139

0.4

0.6

0.8

1.0

Response 1.0

More Concave

0.8

0.6

0.4

More Linear 0.2

Dose Figure 14.1: The diﬀerent dose-response curves, at diﬀerent values of

i

, corresponding to levels of concavity.

Medicine and Convexity (Antifragility) 2.5

2.0

1.5

1.0

0.5

0.2

0.4

0.6

0.8

1.0

15

Small is Beautiful (Sometimes): Diseconomies of Scale

We extract the eﬀect of size on the degradation of the expectation of a random variable, from nonlinear response. The method is general and allows to show the "small is beautiful" or "decentralized is eﬀective" eﬀect from a response to a stochastic stressor and prove stochastic diseconomies of scale. We apply the methodology to environmental harm using standard sigmoid dose-response to show the need to split sources of pollution across independent (nonsynergetic) pollutants.

15.1

Introduction: The Tower of Babel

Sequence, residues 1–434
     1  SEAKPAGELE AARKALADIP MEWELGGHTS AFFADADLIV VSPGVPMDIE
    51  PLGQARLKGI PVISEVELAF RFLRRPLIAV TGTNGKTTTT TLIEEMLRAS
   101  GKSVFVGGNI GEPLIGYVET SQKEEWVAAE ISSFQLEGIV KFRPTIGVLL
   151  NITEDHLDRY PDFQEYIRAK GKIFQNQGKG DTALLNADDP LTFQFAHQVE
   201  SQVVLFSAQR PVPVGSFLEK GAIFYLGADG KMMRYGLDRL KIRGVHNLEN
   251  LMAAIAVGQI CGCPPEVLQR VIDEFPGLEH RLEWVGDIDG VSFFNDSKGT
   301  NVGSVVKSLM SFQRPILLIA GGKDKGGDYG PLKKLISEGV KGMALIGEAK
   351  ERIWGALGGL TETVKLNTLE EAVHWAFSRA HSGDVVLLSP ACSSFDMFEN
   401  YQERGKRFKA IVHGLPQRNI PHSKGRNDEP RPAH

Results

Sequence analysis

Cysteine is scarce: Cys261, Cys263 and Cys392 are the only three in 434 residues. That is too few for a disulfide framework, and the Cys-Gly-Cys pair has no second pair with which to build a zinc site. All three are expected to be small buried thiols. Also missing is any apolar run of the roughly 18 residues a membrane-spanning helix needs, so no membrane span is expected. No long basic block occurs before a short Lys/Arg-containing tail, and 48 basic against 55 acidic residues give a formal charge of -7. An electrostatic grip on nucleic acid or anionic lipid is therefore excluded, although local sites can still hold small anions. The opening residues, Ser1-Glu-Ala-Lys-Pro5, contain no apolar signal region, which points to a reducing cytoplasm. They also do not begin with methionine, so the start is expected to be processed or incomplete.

Figure 15.1: The Tower of Babel Eﬀect: Nonlinear response to height, as taller towers are disproportionately more vulnerable to, say, earthquakes, winds, or a collision. This illustrates the case of truncated harm (limited losses).For some structures with unbounded harm the eﬀect is even stronger. Diseconomies and Harm of scale Where is small beautiful and how can we detect, even extract its eﬀect from nonlinear response? 1 Does getting larger makes an entity more vulnerable to errors? Does polluting or subjecting the environment with a large quantity cause disproportional "unseen" stochastic eﬀects? We will consider diﬀerent types of dose-response or harm-response under diﬀerent classes of probability distributions. The situations convered include: 1. Size of items falling on your head (a large stone vs small pebbles). 2. Losses under strain. 3. Quantity in a short squeeze 4. Large vs small structures (say the National Health Service vs local entities) 5. Centralized government vs municipalities 6. Large projects á la Gordon Brown in the U.K. 7. Stochastic environmental harm: when, say, polluting with K units is more than twice as harmful than polluting with K/2 units. The problem is summarized in Antifragile [14] as follows: